If, like me, you are using ERC to chat with your IRC friends all over the world, then the next few paragraphs describe how you can set up automatically joining channels in a secure manner, even if the channels require a key.
Being able to auto-join channels after connecting to an IRC server is a must have for any serious IRC client. This way the user doesn’t have to laboriously type
/join commands again and again, every time the IRC client start, or when there’s a network problem and the IRC server temporarily disconnects. Typing long lists of channel names gets old really fast if one has to type stuff like this for example:
/join #public /join #secret somekeyword /join #interest /join #hobby hobbykey
Most serious IRC clients have some form of ‘autojoin’ feature, that lets you configure the channels they should join when connected to a specific IRC network or to a specific IRC server. ERC supports auto-joining with a loadable module called erc-join. You can load this module in your ERC startup code, and then use erc-autojoin-channels-alist to specify which channels to join on a per-server basis.
Loading the erc-join module and enabling auto-join support is the easy bit:
(require 'erc-join) ; autojoin support is implemented by erc-join.el (erc-autojoin-enable) ; enable channel autojoin support, by default
Setting up the list of channels in erc-autojoin-channel-alist is also easy, but it does lend itself to a bit of upfront explanation. When auto-join code looks at erc-autojoin-channel-alist it expects to find there a list of ‘server patterns’ and their associated channels. So its value should look like this:
((SERVER-PATTERN-1 . CHANNEL-1 CHANNEL-2 ...) (SERVER-PATTERN-2 . CHANNEL-3 CHANNEL-4 CHANNEL-5 ...))
When a connection to a new IRC server is established, erc-join has set things up so that erc-autojoin-channels is called. The erc-autojoin-channels function iterates through erc-autojoin-channels-alist and checks if the server pattern matches the current server-name. If it does, it calls erc-server-join-channel for each of the channels attached to this server pattern.
The server pattern can be a regular expression and pattern matching for the ‘server’ part of each erc-autojoin-channels-alist item does not stop when it finds a match. This means that you can mix and match server patterns in all sorts of amusing ways, e.g. to set up a channel that is automatically joined for all IRC networks, by having an erc-autojoin-channels-alist entry whose server pattern is
(setq erc-autojoin-channels-alist '((".*" . "#everywhere")))
Now, for the interesting part. What happens when you want to automatically join channels that require a key. That’s where the real magic behind erc-server-join-channel kicks in, and lets you store your passwords in a secure place, like e.g. a PGP-encrypted ~/.authinfo file in your home directory!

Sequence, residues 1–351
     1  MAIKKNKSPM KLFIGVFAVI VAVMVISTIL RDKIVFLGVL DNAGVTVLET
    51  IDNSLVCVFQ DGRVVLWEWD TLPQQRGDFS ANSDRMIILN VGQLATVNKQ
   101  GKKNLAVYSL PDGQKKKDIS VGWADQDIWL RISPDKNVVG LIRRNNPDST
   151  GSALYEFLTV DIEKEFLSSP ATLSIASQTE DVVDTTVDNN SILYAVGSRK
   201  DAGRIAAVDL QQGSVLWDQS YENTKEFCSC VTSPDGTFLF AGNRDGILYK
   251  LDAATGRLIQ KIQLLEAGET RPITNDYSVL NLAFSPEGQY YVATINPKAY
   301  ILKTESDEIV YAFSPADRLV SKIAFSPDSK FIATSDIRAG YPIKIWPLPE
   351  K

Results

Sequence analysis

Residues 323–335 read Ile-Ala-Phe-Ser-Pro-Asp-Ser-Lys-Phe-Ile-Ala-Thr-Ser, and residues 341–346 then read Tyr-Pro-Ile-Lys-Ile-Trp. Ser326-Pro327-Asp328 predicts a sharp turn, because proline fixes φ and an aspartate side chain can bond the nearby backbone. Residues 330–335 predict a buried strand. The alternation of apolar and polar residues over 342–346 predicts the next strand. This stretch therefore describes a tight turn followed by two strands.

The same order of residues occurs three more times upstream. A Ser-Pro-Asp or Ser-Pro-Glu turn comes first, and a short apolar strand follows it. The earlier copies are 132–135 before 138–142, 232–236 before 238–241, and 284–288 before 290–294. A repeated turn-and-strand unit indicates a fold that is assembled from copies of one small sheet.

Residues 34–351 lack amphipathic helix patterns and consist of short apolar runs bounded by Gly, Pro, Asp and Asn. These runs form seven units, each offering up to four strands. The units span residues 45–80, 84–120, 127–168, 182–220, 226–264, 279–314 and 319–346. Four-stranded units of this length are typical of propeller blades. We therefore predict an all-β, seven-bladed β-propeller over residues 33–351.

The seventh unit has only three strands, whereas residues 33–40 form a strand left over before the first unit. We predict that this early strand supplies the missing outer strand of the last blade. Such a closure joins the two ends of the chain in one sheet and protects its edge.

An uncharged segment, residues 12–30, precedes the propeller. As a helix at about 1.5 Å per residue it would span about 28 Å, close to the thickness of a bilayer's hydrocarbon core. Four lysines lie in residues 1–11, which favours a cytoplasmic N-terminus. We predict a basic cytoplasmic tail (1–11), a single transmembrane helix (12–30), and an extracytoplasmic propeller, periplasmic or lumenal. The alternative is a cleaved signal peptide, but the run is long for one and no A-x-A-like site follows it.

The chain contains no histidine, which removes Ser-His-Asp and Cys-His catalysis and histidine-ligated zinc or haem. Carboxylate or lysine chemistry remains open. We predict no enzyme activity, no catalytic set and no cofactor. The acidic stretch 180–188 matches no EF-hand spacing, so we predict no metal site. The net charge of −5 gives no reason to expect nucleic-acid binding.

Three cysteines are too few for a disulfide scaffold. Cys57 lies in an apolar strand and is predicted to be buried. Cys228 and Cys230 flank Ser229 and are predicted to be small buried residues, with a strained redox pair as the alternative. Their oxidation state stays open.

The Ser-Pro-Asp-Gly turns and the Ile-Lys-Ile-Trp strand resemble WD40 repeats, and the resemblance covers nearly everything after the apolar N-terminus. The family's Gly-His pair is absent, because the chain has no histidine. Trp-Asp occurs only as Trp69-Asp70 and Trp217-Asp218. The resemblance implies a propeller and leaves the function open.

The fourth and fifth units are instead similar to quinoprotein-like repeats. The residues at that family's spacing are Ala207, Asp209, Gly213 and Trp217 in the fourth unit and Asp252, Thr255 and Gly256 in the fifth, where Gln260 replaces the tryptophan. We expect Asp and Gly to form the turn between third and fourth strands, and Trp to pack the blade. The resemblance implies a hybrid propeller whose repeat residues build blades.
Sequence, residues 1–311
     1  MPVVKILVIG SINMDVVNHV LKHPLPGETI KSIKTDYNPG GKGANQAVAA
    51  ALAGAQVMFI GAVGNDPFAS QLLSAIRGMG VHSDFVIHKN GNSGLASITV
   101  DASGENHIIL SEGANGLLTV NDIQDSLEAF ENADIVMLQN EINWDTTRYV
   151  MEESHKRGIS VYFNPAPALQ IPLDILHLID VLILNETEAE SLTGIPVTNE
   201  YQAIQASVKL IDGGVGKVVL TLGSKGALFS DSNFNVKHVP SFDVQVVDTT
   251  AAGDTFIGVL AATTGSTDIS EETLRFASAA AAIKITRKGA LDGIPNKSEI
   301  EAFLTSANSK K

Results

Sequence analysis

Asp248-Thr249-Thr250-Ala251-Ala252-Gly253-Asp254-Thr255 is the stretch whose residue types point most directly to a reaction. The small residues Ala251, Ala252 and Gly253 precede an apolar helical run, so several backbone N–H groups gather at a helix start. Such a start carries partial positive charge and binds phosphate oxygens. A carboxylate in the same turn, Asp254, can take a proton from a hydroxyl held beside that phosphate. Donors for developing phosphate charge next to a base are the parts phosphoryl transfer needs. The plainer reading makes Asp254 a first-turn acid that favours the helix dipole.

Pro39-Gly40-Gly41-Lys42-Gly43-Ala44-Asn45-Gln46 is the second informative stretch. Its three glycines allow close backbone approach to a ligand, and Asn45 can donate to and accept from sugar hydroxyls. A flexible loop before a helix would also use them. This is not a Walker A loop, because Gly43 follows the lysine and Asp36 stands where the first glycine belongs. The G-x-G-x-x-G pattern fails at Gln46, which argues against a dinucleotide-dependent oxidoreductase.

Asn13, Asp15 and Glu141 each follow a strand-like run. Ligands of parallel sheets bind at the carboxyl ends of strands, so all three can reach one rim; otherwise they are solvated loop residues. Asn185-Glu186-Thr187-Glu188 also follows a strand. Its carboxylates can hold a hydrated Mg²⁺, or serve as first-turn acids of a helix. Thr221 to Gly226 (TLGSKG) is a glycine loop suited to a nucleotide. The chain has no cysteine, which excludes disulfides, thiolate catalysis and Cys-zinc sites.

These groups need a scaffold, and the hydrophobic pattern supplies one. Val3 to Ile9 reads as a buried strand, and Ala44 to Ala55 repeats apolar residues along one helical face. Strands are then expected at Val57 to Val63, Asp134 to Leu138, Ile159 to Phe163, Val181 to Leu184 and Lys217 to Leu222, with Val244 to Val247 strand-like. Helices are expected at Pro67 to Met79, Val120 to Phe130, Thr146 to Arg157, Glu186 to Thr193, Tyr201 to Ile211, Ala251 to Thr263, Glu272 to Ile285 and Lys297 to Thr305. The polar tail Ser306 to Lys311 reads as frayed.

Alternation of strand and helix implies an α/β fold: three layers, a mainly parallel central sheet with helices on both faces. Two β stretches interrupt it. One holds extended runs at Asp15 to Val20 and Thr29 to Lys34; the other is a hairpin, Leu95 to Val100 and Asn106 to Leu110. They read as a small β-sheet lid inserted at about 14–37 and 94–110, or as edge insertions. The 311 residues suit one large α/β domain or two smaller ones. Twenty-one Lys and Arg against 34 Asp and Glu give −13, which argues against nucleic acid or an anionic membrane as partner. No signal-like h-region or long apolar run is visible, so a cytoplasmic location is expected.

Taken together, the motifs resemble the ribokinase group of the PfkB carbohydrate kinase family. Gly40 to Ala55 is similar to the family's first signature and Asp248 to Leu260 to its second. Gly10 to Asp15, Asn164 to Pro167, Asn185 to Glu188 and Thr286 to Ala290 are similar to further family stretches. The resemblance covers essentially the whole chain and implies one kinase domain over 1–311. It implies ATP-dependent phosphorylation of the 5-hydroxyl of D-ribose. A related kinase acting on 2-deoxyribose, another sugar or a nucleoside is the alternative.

Every time erc-server-join-channel is called it tries to look up a matching entry for the current IRC server and channel names in what Emacs calls “authentication sources”. These are, basically, files in ‘netrc’ file format (traditionally used by FTP clients). If a matching entry is found for the current combination of server and channel in one of the configured netrc files, the password key of this netrc file entry is used as the key for joining the IRC channel. The service name used for netrc entry lookup is also conveniently set to “irc”, so that ERC will not pick up unrelated passwords from your netrc files.
A valid netrc file entry, one which ERC can use to locate the key for an IRC channel, looks like this:
machine irc.freenode.net login "#mychannel" password "supersecret" port irc
If this line is present in your ~/.authinfo or ~/.netrc file, and one of the erc-autojoin-channels-alist entries specifies that “#mychannel” should be automatically joined when connected to the IRC server “irc.freenode.net”, then ERC will use “supersecret” as the key for joining the channel. This is a much safer alternative than typing the channel passwords yourself at an ERC prompt (because the channel passwords may then be logged on disk, if you have enabled server-buffer logging), and it’s definitely safer than listing the password in your ~/.emacs startup code or other place that can be world-readable.
Putting it All Together
To summarize, configuring ERC to automatically join channels “#public” and “#secret” when connecting to IRC server “irc.example.net”, and to use the secret key “supersecret” for the “#secret” channel, you can put the following in your ERC startup code:
(require 'erc-join) (erc-autojoin-enable) (setq erc-autojoin-channels-alist '(("irc.example.net" . "#public" "#secret"))))
and the following in your ~/.authinfo or ~/.netrc file:
machine irc.example.net login "#secret" password "supersecret" port irc